Celiac disease is an autoimmune disorder that tends to run in families and is thought to afflict around one out of every 100 people on Earth. It occurs genetically in people that are predisposed to the consumption of gluten causing their body to mount an immune response. Gluten is a protein that is found in grass-related grains like barley, rye, or wheat. This response will then attack and damage the villi, which are tiny finger-like projections that line the small intestine. The purpose of villi is that they help to boost the absorption of nutrients, so when they get damaged it causes the body to be unable to correctly do so.
Symptoms of Celiac Disease
Celiac disease affects people of all ages but has different symptoms depending on if the person afflicted is an adult or child. In adults the most noticeable signs of the disease are weight loss, feeling fatigued, and diarrhea. Other symptoms that they might undergo can include abdominal pain, bloating, feeling constipated and/or nauseous, and vomiting. These symptoms are caused directly by the intestinal damage that celiac disease causes.
However, more then a majority of the adults who have the disease have other symptoms outside of the digestive system like anemia (lack of red blood cells), acid reflux, headaches, heartburn, joint pain, mouth ulcers, and more. If left untreated in adults celiac disease can cause cancer, infertility, miscarriage, malnutrition, loss of bone density, and neurological problems.
In children of any age, the damage to villi and resulting malabsorption can affect their growth and development. Children younger than two years old typically experience symptoms like chronic diarrhea, muscle wasting, poor appetite, and having a swollen belly. Older children will usually deal with irritability, constipation, and diarrhea. If left untreated in children, celiac disease can cause anemia, arthritis, dental enamel defects, epilepsy, and delayed puberty.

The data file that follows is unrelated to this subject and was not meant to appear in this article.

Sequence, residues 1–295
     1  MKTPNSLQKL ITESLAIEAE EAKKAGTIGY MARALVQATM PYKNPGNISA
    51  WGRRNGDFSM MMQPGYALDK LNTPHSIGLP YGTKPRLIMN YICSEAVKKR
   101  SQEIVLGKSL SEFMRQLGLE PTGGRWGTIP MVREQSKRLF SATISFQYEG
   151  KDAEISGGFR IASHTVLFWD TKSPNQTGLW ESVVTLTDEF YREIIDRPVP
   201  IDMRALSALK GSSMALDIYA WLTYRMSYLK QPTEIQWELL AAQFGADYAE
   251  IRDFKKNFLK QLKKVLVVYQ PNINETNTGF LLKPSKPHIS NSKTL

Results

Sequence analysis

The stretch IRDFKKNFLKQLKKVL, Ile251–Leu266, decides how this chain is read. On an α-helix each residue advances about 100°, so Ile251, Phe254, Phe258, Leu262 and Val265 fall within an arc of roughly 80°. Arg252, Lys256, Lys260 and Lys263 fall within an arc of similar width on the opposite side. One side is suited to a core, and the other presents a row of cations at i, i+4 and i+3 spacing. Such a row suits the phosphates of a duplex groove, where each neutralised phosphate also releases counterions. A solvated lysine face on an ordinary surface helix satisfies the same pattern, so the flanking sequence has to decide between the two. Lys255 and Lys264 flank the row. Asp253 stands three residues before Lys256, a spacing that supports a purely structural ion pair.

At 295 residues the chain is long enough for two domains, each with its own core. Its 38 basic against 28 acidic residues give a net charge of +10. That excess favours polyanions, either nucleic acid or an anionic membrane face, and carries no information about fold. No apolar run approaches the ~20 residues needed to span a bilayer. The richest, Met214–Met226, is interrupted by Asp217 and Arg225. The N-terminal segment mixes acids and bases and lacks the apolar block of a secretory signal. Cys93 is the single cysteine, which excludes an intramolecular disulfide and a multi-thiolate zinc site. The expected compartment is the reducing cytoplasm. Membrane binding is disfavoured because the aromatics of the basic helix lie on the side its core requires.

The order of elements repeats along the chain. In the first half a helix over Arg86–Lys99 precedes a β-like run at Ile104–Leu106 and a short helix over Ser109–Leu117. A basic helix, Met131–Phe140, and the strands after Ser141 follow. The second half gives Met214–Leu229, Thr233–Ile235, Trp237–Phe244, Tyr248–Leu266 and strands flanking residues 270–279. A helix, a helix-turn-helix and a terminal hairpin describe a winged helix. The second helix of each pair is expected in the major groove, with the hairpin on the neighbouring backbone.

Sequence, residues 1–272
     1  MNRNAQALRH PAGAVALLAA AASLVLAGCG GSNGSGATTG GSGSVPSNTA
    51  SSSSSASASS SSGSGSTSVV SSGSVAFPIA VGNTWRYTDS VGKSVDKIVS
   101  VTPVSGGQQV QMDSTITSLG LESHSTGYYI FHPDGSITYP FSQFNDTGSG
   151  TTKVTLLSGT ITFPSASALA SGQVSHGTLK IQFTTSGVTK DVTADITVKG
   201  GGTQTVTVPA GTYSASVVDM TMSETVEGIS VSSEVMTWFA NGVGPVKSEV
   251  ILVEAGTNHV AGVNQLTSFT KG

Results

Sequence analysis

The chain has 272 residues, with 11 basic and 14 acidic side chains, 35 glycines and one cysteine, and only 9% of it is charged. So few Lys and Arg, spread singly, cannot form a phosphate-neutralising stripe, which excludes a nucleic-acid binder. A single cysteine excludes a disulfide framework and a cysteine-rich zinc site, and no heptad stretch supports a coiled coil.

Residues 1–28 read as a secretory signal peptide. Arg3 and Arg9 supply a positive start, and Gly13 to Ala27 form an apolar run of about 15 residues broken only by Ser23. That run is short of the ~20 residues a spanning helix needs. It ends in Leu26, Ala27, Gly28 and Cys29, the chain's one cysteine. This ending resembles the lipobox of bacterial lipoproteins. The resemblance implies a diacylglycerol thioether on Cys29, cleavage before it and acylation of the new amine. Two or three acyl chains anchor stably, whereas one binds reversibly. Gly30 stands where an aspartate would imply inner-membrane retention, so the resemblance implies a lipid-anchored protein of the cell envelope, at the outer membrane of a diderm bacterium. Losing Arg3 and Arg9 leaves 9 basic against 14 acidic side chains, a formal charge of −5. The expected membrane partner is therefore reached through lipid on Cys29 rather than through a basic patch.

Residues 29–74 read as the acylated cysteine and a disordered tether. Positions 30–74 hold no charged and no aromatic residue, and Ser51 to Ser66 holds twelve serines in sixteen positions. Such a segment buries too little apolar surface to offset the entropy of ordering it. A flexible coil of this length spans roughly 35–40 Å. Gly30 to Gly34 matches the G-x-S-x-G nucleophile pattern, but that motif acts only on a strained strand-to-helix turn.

Treatments for Celiac Disease
Unfortunately, celiac disease has no cure. For the vast majority of those suffering from it, following a strict gluten-free diet will help to control its symptoms and stimulate intestinal healing. Those who think they are suffering from the disease should talk to their doctor if they have digestive discomfort or diarrhea that lasts over two weeks. Signs in a child will include looking pale, acting irritable, have a bulky stool, and failing to grow larger.
Up to 30% of people with the disease suffer from non-responsive celiac disease, which means that they do not respond to undertaking a strict gluten-free diet. These people likely will also have additional symptoms along with the disease like irritable bowel syndrome, microscopic colitis, or poor pancreas function.
In the most extreme instances some suffer from refractory celiac disease, where it keeps going despite a strict gluten-free diet and causes major malabsorption. In these cases, further testing will likely be undergone. Doctors may give their patient a steroid that reduces intestinal inflammation or special medication to help suppress the immune system.